Essays in Trespassing: Economics to Politics and Beyond
by Albert O. Hirschman
Cambridge University Press, 310 pp., $29.50; $12.50 (paper)
Shifting Involvements: Private Interest and Public Action
by Albert O. Hirschman
Princeton University Press, 138 pp., $14.50; $5.95 (paper)
Why is there a Nobel prize for economics but not for the other social disciplines? Is it because we are so in debt to economics for the welfare and happiness it has brought about? I think not. The reason for the prestige of economics lies in something quite apart from its practical successes—which are hardly cause for much celebration these days. The reason is that economics, unlike its sister disciplines, claims to be a science. Alone among the social disciplines it searches for the social counterparts of overarching physical laws like the law of gravitation; and alone among the fields of social inquiry, it risks predictions from the application of its generalizations, such as the consequences that can be foretold from the workings of the “laws” of supply and demand.
Why, then, does economics, unlike the natural sciences, fail so miserably to increase our ability to impose our will on the world? The answer can be approached from two points of view. One is that the social universe is inherently much more complex than the natural universe, so that the science of economics cannot amass, or coordinate, the information required to produce a workable model. From this perspective we can assert that if we knew enough about the data of the real world, economics should be able to predict the course of national production at least as accurately as physics predicts the course of a space flight.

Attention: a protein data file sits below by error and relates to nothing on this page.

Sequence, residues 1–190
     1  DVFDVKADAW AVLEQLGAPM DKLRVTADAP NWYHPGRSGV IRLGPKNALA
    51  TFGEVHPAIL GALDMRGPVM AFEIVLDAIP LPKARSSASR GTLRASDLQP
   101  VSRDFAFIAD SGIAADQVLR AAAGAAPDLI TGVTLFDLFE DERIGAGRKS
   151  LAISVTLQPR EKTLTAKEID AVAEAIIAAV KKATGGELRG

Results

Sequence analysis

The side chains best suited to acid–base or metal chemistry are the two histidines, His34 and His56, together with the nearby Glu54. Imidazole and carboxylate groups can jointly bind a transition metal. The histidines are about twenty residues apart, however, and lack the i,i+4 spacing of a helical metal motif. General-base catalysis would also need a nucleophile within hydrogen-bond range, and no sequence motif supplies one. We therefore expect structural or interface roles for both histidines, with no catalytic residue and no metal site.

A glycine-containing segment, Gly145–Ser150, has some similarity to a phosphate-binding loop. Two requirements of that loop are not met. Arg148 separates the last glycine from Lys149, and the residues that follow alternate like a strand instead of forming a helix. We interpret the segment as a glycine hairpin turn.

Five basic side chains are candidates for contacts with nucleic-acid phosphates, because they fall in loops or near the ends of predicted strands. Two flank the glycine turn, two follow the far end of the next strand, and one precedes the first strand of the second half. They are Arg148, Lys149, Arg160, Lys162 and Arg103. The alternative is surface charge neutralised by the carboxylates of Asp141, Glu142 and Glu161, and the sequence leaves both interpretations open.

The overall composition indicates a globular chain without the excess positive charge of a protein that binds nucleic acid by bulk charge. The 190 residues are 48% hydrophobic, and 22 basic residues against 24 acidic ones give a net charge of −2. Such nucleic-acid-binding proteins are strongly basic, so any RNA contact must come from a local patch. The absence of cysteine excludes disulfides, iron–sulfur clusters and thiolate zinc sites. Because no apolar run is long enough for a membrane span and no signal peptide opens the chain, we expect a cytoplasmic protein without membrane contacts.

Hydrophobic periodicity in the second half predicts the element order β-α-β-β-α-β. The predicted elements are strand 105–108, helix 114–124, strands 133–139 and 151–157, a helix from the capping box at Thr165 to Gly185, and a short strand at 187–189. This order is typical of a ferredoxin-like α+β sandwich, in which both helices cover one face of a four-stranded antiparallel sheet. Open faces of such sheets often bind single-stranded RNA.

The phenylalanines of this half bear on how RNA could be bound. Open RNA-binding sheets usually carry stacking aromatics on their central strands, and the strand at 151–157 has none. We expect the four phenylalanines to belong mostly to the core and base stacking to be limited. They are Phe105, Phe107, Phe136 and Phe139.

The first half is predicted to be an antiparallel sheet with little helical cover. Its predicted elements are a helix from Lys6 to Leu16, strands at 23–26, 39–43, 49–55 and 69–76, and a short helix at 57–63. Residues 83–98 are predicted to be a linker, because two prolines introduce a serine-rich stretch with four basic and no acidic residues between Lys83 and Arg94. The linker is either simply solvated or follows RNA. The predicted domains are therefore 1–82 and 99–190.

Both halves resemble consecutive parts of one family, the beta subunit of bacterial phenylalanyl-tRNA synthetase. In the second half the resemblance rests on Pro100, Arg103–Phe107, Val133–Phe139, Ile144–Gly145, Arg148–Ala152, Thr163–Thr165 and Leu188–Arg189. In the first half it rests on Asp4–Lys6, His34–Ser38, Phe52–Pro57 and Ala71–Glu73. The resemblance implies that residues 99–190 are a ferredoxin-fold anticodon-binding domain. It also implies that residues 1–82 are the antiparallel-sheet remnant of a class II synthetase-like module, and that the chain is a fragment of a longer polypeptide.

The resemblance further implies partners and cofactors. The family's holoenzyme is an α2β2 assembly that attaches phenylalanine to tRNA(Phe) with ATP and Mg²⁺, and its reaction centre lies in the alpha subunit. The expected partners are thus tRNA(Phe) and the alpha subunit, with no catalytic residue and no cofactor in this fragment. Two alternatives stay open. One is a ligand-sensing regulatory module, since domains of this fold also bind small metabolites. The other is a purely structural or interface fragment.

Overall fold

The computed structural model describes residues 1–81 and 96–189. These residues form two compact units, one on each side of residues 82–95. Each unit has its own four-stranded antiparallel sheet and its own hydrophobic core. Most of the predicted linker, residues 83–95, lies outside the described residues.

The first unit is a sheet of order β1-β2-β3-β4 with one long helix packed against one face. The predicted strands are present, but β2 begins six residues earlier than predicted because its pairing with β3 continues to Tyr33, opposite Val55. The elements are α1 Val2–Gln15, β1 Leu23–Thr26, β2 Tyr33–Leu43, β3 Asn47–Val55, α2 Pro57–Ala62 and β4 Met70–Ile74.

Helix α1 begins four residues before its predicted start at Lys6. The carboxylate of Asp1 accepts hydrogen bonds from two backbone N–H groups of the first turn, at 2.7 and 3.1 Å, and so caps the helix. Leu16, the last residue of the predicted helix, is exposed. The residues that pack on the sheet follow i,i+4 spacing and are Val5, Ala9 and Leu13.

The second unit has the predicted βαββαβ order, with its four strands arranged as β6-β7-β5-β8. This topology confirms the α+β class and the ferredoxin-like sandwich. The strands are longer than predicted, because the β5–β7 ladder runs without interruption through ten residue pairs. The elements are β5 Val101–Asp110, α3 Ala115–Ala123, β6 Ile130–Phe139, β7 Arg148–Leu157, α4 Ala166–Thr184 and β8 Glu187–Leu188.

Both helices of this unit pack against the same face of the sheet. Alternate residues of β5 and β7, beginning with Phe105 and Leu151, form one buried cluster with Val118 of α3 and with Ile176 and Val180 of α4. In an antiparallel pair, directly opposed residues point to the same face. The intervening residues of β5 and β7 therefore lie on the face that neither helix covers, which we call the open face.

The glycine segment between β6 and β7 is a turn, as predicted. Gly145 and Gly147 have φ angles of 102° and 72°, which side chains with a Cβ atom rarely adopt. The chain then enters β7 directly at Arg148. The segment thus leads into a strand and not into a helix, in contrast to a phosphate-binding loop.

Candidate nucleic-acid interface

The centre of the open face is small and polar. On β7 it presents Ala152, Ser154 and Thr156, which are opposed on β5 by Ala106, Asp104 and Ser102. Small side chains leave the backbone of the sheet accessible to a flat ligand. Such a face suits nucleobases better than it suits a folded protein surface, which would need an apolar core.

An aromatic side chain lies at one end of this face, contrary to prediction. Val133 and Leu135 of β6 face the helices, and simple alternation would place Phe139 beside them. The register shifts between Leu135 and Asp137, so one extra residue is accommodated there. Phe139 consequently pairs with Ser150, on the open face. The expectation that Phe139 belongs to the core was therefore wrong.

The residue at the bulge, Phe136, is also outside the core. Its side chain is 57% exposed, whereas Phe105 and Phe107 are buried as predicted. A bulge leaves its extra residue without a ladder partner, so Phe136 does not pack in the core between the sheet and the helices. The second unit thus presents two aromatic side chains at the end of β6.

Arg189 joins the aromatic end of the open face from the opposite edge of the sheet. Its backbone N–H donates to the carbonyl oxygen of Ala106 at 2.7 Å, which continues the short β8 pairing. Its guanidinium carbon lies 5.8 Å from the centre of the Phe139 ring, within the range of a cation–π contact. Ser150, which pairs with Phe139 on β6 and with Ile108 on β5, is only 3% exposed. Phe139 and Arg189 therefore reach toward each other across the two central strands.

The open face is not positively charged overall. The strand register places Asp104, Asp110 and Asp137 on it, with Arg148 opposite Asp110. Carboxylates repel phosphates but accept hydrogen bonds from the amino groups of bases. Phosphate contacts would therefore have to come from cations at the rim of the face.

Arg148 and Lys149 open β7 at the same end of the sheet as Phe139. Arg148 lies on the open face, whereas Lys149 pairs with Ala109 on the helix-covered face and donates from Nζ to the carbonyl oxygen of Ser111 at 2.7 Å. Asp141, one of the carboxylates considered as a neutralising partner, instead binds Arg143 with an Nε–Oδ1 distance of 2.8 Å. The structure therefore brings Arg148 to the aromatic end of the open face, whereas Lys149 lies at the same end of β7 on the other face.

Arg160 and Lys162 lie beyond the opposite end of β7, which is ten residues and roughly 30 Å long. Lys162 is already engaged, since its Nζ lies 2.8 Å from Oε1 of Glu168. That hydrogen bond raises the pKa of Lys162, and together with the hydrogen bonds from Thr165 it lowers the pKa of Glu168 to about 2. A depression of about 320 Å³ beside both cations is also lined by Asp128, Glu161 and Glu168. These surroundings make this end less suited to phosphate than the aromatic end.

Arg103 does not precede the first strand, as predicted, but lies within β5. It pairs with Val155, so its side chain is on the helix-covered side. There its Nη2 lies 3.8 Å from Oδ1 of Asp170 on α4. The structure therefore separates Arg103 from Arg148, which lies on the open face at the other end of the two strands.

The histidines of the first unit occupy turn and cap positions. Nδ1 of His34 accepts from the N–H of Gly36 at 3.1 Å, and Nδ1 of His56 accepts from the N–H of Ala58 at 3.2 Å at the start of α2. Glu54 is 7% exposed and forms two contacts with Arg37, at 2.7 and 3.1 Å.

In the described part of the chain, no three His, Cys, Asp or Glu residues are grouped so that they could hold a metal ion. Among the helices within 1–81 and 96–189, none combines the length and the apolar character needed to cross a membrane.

There is undoubtedly something in this view because the economic system resembles the physical universe in certain ways, the most important of which is that its human actors often behave in a predictable way—like so many iron filings under a magnetic field—following the arrow of economic advantage, buying cheap and selling dear. If men and women did not behave in this predictable manner, the socioeconomic system would have broken down long ago. But it is also clearly the case that we do not begin to have enough data to represent the facts of their behavior in our minds or in our computers.
It is equally valid, however, to ascribe the failure to reproduce the triumphs of science for another reason, that the object to which economics applies its analytic powers is intrinsically different from that to which natural science applies its scrutiny. The difference is that the elements of the social universe embody something lacking in physical events, namely human will, motive, interest. The root of the unpredictability and unmanageability of the economy, in this view, lies in the fact that human actors can and do change their behavior in ways that iron filings cannot. It follows that all the data in the world will not clarify the movements of the economy unless we can understand the perceptions and desires of its social particles.
It is this uneasy situation of economics, one foot in science, the other in society, that accounts for the importance of the work of Albert Hirschman. Hirschman is a distinguished economist, fully conversant with its claims …